On Special Report, Juan Williams cited Sen. John McCain's record on immigration as evidence of a willingness to "work across party lines," without noting that McCain has said he no longer supports his own bipartisan bill. Williams then claimed that Sen. Barack Obama "doesn't have a record" of "working across party lines." In fact, Obama has co-sponsored bills with Republican Sens. Tom Coburn and Richard Lugar that have been signed into law.
Reporting on Sen. John McCain's efforts to "attract" Hispanic voters, The Hill's Klaus Marre wrote that McCain "has spent the past few years courting Hispanic voters by being the lead Republican sponsor of failed immigration legislation that would have granted a path to citizenship to most of the more than 12 million illegal immigrants living in the United States." But Marre did not note that McCain has said he no longer supports that legislation.
The AP reported that "Sens. Barack Obama and Hillary Clinton supported a 2006 bill, sponsored by Republican candidate John McCain, that offered illegal immigrants legal status on conditions such as learning English." But the AP did not note that McCain has reversed his position on comprehensive immigration legislation and said in January that he would no longer support his own bill.
The New York Times' Carl Hulse reported that congressional Republicans "worry just what a President McCain would portend for them come January, given their divergent views on big-ticket items like immigration, climate change and campaign spending." But Hulse did not note that McCain has moved to the right on immigration to align himself more closely with his party's base, nor did he mention that McCain may be violating campaign finance laws by surpassing spending limits under the public financing system for the primary period.
The Washington Post's Dan Balz asserted that Sen. John McCain's "advocacy of comprehensive immigration reform" is among the policy positions that help "paint a portrait of someone not cut from the traditional [Republican] party mold." In fact, McCain has abandoned his previous support for comprehensive immigration legislation, saying that he "would not" support his original comprehensive immigration proposal if it came up for a vote in the Senate.
A Washington Post article uncritically reported the claim by a senior adviser to Sen. John McCain that McCain "has been seen as standing up to his party and fighting on issues -- the war in Iraq and immigration -- that have damaged him politically." The Post did not report that McCain has reversed his position on immigration to more closely align himself with the Republican Party's base.
On Morning Joe, host Joe Scarborough advanced the myth that Sen. John McCain hasn't flip-flopped on his position on immigration reform by asserting: "[T]here are a lot of issues that Republicans have despised John McCain for taking positions on. He stayed with those positions, and it makes him much stronger in the fall campaign because of it, and I speak mainly of illegal immigration." In response, co-host Mika Brzezinski said, "Absolutely." Indeed, conservatives have praised McCain's rightward shift on the issue.
On ABC's This Week, Sen. Joseph I. Lieberman claimed that Sen. John McCain "actually stepped out and was much more forward-leaning on immigration reform than Barack Obama was -- Senator Clinton wasn't involved in those negotiations." Host George Stephanopoulos did not point out that McCain abandoned his previous support for comprehensive immigration legislation during his campaign for the Republican nomination.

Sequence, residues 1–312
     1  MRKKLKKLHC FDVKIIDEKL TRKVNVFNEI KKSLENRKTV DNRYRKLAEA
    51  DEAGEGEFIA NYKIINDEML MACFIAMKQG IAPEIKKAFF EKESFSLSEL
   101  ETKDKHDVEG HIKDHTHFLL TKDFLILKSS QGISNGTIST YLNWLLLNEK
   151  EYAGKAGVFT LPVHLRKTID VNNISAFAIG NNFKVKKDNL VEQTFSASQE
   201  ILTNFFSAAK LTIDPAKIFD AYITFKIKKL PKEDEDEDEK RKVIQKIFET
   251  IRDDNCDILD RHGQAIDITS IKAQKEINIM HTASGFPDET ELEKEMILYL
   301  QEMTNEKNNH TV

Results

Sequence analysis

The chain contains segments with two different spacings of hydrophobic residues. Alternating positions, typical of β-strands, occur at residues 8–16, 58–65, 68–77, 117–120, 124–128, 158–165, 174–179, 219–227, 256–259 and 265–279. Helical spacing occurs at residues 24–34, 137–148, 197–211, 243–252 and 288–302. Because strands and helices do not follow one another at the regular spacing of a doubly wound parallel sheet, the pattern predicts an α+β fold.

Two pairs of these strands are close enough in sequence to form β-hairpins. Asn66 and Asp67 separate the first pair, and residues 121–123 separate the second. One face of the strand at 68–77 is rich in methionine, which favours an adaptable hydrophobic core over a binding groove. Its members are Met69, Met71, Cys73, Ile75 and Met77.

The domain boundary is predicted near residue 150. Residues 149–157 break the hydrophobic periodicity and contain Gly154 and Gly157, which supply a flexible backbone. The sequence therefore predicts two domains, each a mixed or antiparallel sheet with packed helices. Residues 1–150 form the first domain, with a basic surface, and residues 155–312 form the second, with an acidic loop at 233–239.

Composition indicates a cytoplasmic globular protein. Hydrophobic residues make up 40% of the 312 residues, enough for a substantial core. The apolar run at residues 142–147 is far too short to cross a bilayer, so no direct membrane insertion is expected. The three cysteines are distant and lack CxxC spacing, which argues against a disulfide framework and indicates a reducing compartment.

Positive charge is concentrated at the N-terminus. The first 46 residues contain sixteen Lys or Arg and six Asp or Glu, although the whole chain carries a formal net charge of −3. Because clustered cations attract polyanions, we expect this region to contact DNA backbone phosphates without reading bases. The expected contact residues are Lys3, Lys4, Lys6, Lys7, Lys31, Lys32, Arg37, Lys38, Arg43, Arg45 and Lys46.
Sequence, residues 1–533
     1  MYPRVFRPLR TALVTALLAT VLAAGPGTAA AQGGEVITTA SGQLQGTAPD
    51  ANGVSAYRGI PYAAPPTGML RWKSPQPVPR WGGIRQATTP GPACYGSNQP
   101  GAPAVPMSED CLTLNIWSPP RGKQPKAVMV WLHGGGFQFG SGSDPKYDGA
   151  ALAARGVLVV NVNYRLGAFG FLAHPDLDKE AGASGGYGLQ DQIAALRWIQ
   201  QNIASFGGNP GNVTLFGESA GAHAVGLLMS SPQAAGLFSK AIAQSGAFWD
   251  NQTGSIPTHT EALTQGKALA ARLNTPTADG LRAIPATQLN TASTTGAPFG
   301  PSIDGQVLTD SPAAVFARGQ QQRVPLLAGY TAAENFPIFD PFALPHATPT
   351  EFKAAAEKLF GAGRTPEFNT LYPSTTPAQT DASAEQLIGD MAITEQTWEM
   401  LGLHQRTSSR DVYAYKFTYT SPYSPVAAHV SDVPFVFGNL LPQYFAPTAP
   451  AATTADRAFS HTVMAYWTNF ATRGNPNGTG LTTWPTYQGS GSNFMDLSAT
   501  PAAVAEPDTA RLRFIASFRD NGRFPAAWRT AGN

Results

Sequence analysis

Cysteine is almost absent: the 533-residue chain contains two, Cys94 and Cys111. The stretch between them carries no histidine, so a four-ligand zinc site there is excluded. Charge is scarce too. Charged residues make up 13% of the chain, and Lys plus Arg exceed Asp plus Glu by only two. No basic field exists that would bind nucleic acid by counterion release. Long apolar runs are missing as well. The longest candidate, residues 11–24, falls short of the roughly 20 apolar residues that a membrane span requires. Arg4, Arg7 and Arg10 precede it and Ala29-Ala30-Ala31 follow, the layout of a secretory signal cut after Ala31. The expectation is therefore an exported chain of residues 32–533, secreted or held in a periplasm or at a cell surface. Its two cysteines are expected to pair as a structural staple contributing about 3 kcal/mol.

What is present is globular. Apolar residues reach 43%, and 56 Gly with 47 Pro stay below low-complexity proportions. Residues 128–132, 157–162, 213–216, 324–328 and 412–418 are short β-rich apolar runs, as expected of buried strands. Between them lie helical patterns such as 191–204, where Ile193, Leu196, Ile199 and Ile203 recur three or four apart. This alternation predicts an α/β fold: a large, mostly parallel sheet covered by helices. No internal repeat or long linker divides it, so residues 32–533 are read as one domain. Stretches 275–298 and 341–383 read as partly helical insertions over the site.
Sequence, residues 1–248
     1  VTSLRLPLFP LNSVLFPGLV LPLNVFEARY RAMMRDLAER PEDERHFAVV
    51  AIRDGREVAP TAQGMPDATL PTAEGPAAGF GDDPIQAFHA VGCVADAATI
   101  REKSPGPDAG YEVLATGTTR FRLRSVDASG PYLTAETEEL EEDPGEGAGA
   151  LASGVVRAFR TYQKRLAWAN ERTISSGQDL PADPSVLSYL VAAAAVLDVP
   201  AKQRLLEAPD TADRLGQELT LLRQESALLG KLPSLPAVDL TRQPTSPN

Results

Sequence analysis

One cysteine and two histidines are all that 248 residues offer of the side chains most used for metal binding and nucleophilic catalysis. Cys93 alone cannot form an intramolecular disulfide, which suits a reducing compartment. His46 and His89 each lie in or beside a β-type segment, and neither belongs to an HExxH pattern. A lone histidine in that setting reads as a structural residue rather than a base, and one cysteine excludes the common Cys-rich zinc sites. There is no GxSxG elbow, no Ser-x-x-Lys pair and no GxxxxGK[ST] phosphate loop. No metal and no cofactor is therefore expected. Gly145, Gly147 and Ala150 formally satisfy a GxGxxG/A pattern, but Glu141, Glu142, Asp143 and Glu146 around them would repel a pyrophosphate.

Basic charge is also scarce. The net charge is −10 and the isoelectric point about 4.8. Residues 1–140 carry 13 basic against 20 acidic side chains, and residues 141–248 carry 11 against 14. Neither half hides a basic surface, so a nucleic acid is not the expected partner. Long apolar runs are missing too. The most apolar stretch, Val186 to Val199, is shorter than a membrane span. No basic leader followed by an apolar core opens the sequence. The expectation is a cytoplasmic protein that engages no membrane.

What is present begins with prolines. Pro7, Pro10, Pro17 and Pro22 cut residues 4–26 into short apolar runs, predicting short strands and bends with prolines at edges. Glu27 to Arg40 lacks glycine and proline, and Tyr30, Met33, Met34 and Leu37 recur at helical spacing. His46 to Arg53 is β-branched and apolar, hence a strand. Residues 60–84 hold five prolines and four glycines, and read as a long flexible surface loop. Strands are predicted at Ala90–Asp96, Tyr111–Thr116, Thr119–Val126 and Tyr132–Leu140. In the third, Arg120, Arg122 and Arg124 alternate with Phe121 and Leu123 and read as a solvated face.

In an article on immigration as a campaign issue, the Chicago Tribune reported that Sens. Hillary Clinton, Barack Obama, and John McCain "essentially agree on the need for an overhaul of U.S. Immigration law that would combine increased border enforcement with a new guest-worker program and measures to permit the estimated 12 million illegal immigrants already in the country to eventually apply for citizenship." In fact, McCain has said he "would not" support his original comprehensive immigration proposal if it came to a vote on the Senate floor and now says that "we've got to secure the borders first."
The New York Times' Adam Nagourney stated in a March 24 online piece that aides to Sen. John McCain "are beginning to see a general election upside ... to the problems that Mr. McCain's support of immigration legislation caused him in the primaries." However, Nagourney did not mention that McCain reacted to those perceived "problems" by abandoning his own comprehensive immigration reform plan.
On Lou Dobbs Tonight, CNN correspondent Louise Schiavone falsely asserted that in votes cast last week, Sens. Barack Obama and Hillary Clinton "said no to additional funding for border security, immigration enforcement, and deportation of criminal aliens." Additionally, Lou Dobbs falsely claimed that Obama and Clinton are "not for border security."
Lou Dobbs claimed on his radio show that "illegal immigration" is among "the top three issues for American voters in both political parties." In fact, no recent polls support Dobbs' assertion that "voters in both political parties" consider illegal immigration "one of the top three issues," although some polls indicate that immigration is among the top issues for Republican voters.
On The Beltway Boys, Morton Kondracke asserted that Sen. John McCain "may well" be able to "match George Bush's 2004 record of 40 percent" of the Hispanic vote "because he's got a position on comprehensive immigration reform that's humanitarian." But McCain asserted on January 30 that he "would not" support his original comprehensive immigration proposal if it came to a vote on the Senate floor and now says that "we've got to secure the borders first" -- a position at odds with his prior assertion that border security could not be disaggregated from other aspects of comprehensive immigration reform without being rendered ineffective.